It’s understandable why potential alternatives to surgery are popular. After all, if you could fix a problem without undergoing a surgical procedure, why wouldn’t you try? Unfortunately, when it comes to bunions, over-the-counter products rarely deliver results. The reality is that items like bunion pads, cushions, splints, and correctors don’t treat the root cause of bunions, and they don’t offer a long-term solution to bunion pain. To put it another way: no, bunion pads don’t work. We’ll explain further below and also tell you what you can do to prevent and reverse bunions for good:
What Do Bunion Pads Do?
Bunion pads generally come in two sizes. The first is a sock-like design that slips over most of the foot and covers the side of the big toe where the bunion is located. The second bunion pad model –– often referred to as a bunion cushion –– is usually a small gel cushion that can be placed over the bunion with an adhesive.
Bunion pads exist primarily to relieve pain. They create a barrier between the bunion and a person’s shoe, and they prevent the bunion from rubbing up against the side of the shoe directly. Or, at least, that’s the idea. In practice, some individuals find that bunion pads don’t offer much relief at all, and/or that the cushions don’t cover the entirety of their bunion. Worse, some cheap bunion cushions will come unstuck after a few hours of use –– particularly if exposed to water.
Bunions get worse over time. While a bunion might not seem like such a big inconvenience right now, it could continue to grow and become more inflamed as time goes on. (Some people even experience hammertoes, leg, or back pain as a result of untreated bunions.)
Changing your shoes, wearing bunion pads, and/or using bunion splints or correctors may provide temporary relief, but they won’t permanently change the internal dynamics of your foot. Bunions develop because of a misalignment of tendons, muscles, and ligaments within the foot itself. Bunion correctors and pads don’t address these issues.
Note, bunion splints may offer some post-operative benefits to patients. In this scenario, bunion splints can help break apart scar tissue and keep the foot aligned while tendons and ligaments heal after surgery.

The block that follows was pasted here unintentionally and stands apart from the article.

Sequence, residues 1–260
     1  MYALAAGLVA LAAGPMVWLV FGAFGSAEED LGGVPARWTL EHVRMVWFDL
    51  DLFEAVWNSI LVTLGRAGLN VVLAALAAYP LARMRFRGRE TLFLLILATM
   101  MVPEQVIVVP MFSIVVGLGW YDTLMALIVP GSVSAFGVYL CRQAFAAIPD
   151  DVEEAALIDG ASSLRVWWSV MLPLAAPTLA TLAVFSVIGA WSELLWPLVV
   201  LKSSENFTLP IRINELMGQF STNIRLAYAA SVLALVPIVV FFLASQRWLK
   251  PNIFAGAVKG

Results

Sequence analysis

Traditional Bunion Surgery vs Minimally Invasive Surgery
If you want to get rid of a bunion once and for all, the only viable option is surgery. Fortunately, bunion-removal procedures have come a long way over the years. Indeed, traditional bunion surgery of the past was considered by many to be one of the most painful medical procedures. Worse, the recovery time was extensive. In many instances, patients had to have stitches, take time off their feet, and face a lengthy recovery period ranging between six weeks and eight months.
Thankfully minimally invasive bunion surgery allows patients to resolve their foot-pain issues without going through such an ordeal. Minimally invasive surgery drastically cuts down on the pain and recovery time associated with traditional bunion surgery. In fact, those who opt for minimally invasive surgery are able to walk out of the operating room and return to daily life without interruption.
If you’ve been struggling with bunions, but have been reticent to pursue surgery, now is the time to reconsider. While it may seem like a good idea to try out bunion pads first, they won’t help solve the problem. Rather, leaving a bunion untreated for longer could make things worse. Keep that in mind moving forward.
At Northwest Surgery Center, we’re pioneers of minimally invasive bunion surgery. Our expert team has years of experience, and we have the skills, knowledge, and tools to ensure you’re able to get back on your feet –– without pain –– in no time. You can check out our gallery of before-and-after pictures here, or to schedule an appointment, contact us today.